Catholic Charities Community Services is deeply committed to enhancing and strengthening the independence, inclusion, and individuality of persons with disabilities as well as those who are living with HIV/AIDS.
We integrate service delivery, advocacy, and education to foster individual and community empowerment. In conjunction with those we serve, we promote the self worth of all individuals to live with dignity as people of God.
Catholic Charities has a long and rich history of service to those in greatest need in the United States. Catholic Charities Community Services is no exception.
|1917||The bishops of New York State establish the legal structure of Catholic Charities in the state.
|1975||A New York State Court agreement, The Willowbrook Decree, set about improving the placement of residents of state residential institutions for the disabled. Smaller homes, run by the state and private agencies, were established.
|1978||The US Bishops issue a Pastoral Statement concerning persons with disabilities.
|1979||Matthew H. Clark, the newly appointed bishop of Rochester, NY, identifies persons with disabilities as a group underserved in the Diocese of Rochester.
The precursor to Catholic Charities Community Services is established. The Catholic Charities Residential Program is established in the Diocese of Rochester with the opening of a group home for twelve persons with disabilities in Lyons, NY. It now has eleven certified residential sites housing 87 people and serves an additional 270+ living independently in the community. (2010)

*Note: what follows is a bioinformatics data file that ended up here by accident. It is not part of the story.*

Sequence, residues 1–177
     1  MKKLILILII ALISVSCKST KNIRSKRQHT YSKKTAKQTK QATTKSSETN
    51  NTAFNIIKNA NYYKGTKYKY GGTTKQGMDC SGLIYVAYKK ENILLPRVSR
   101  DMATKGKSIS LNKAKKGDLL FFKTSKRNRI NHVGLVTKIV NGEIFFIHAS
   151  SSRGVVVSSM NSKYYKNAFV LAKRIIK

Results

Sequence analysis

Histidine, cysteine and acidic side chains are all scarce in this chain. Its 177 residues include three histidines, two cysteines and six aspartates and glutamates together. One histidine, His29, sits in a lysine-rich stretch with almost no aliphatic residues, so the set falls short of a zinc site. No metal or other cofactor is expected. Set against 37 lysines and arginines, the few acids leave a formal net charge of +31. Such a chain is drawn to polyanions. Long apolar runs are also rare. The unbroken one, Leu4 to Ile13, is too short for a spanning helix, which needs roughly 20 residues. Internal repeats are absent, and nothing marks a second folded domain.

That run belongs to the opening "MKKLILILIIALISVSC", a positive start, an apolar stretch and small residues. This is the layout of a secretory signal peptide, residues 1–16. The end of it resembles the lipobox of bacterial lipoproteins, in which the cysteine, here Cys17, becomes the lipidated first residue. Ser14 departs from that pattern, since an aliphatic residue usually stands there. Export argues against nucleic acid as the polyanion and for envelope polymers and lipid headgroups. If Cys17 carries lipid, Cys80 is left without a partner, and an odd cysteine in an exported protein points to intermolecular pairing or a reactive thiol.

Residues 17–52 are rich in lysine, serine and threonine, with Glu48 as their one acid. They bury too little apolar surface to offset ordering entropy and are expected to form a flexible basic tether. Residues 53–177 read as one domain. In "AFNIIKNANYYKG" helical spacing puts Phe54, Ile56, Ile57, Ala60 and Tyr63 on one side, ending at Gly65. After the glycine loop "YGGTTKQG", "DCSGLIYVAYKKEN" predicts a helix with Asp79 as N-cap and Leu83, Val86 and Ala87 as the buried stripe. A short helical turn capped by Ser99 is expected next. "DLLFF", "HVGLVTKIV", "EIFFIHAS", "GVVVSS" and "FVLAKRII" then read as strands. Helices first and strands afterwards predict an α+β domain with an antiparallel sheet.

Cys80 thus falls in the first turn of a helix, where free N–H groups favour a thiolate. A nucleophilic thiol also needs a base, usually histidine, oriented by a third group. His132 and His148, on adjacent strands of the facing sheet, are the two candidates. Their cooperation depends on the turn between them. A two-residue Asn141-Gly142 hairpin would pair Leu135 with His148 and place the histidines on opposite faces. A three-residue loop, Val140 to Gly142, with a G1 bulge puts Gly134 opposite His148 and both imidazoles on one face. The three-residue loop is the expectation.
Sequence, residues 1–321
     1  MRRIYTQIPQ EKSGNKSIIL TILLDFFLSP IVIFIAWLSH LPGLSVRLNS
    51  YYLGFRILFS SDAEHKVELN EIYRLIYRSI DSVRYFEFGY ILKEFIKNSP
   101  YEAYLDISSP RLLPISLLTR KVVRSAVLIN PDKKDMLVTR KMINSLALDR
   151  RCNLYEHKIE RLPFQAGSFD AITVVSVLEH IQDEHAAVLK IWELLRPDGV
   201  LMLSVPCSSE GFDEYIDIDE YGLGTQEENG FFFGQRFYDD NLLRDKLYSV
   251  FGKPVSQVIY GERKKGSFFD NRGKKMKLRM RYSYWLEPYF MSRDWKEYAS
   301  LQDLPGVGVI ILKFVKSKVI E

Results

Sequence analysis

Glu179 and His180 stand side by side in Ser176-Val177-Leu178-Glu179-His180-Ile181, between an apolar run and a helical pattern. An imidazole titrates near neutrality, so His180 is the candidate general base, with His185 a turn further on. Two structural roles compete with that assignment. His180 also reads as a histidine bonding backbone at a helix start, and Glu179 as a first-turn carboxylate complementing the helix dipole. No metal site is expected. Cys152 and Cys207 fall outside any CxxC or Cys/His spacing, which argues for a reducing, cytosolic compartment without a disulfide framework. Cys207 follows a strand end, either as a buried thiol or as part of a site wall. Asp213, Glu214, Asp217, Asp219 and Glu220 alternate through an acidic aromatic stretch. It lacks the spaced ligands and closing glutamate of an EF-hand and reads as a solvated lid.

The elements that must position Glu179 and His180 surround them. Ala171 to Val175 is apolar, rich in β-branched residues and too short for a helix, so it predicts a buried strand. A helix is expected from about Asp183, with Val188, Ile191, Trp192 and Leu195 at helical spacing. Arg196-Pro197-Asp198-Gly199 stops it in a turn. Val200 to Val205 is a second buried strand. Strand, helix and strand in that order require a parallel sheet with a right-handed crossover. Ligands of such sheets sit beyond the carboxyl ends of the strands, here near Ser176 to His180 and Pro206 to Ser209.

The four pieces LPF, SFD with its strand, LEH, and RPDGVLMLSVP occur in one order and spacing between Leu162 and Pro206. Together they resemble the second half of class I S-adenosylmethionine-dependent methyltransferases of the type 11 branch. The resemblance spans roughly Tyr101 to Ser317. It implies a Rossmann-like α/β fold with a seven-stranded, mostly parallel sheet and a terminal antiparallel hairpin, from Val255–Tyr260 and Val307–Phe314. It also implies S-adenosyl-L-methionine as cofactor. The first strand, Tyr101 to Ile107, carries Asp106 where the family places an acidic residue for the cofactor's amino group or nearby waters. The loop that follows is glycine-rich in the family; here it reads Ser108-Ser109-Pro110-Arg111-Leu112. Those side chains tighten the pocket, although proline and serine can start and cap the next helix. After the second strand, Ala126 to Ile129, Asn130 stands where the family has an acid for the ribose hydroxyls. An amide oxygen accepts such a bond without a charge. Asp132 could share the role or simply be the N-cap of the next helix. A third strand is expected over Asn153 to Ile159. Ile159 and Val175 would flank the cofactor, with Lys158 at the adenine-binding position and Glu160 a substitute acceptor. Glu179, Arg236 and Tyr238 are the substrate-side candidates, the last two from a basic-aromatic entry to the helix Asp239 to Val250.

|1992||The AIDS Services Program begins with the blessing of Bishop Clark who, in his letter, "The Lord Himself Has Taught Me to Have Compassion", told his flock to care for those in greatest need. AIDS Services begins with a residence for women with AIDS and has evolved into a program supporting 230 persons with HIV/AIDS disease and their families. (2010)
|1997||Catholic Charities Community Services, called Catholic Charities Community and Residential Services at the time, is asked by New York State to establish a program for persons living with traumatic brain injuries. Traumatic Brain Injury Services now serves 83 persons with brain injuries living independently in the community. (2010)
|2009||Catholic Charities Community Services begins offering support services under the New York State Department of Health Nursing Home Transition and Diversion Waiver to persons with disabilities who are seeking an alternative to nursing home living. It currently serves 9 people. (2010)
All services are provided to all people without regard to race, religion,
ethnicity, sexual orientation, age, ability, gender or ability to pay.